On Monday, April 22, the 43rd anniversary of the first Earth Day, the American Security Project hosted a roundtable discussion on “Climate Adaptation at the local and national level” in partnership with the Ecologic Institute and the Emerging Leaders in Environmental and Energy Policy (ELEEP), a transatlantic network of young professionals working in energy and environmental policy operated by Ecologic and the Atlantic Council. There were approximately 25 attendees from government, private sector, and academia.
The discussion was begun with a presentation by Jan Ahlen, the Government Relations Representative from the National Farmers Union. His presentation focused on the findings of the NFU in a the recent report “25×25” which they were a part of that laid out a pathway to how to address climate change by 2025. The NFU’s suggestions for how farmers and ranchers could adapt to climate change came in three basic options: (1) increase resistance to changes in climate in order to maintain existing practices, (2) improve resilience by investing in steps that preempt disasters and restore systems in the wake of them, or (3) transform operations. Farmers and ranchers are a sector of the economy that could be hardest hit by climate change, so these recommendations
Andrew Holland, Senior Fellow for Energy and Climate at the American Security Project, followed up by discussing how climate change presents a threat to America’s Homeland Security. The Department of Homeland Security is not simply set up to prevent terrorism; one of its key missions is “ensuring disaster resilience.” Holland clearly showed that extreme weather, particularly on the coasts, presents severe threats to infrastructure, economic well-being, and health. Holland stated that a Risk Management plan for Climate Security would: (1) Plan for Effects of Climate Changes, (2) Prepare for Responses to Disasters, and (3) Mitigate Emissions to Prevent Existential Threats. When we think about how to adapt to climate change, we need to remember that this is a ‘whole of government’ problem, and that $1 in preparedness spending is as effective as $15 in relief payments. Unfortunately, most of the political incentives go the other way, with the effect that spending on disaster preparedness has remained flat, while funding for disaster relief jumped 13 fold. However, there are a whole ‘alphabet soup’ of government agencies that are preparing for climate change right now, even though there is no Congressional action.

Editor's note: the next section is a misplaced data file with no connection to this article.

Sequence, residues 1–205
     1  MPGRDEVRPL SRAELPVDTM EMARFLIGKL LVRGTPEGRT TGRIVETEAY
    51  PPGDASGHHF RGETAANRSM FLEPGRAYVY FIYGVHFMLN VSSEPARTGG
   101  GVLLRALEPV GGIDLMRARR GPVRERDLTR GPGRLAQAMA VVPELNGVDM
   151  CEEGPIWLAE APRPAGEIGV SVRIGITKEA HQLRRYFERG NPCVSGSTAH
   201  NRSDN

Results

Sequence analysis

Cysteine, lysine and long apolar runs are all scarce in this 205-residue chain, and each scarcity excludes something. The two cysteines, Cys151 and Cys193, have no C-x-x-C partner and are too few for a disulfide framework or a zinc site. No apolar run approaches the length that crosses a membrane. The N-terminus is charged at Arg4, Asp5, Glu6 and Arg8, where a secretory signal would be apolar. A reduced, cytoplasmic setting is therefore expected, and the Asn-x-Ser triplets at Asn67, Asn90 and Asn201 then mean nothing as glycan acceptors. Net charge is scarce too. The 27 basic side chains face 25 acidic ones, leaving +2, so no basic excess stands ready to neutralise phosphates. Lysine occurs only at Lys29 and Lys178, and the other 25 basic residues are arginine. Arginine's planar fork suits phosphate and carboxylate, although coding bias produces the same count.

Discussion from there focused on how governments can incentivize adaptation –and how government policies can create both good and bad options. The Dutch experience of preparing for rising sea levels and floods was hailed as a way to think long-term. Having a long-term plan, especially, was seen as important. In addition, discussants looked at how, with modern technology and science, local citizens and governments can be empowered to engage in adaptation and preparedness. This should not be a ‘one-sized-fits-all’ approach; instead it can be a bottom-up approach where cities, towns, and individuals are empowered to act.
In the coming weeks, ASP will be organizing an edited document comprised of articles about climate adaptation from a variety of sources. Participants were encouraged to submit a 700-1000 word short article for publication. The question of how to build climate resilience and adapt to possible changes in climate presents important and difficult problems of foresight and political will. ASP will continue to investigate this issue further.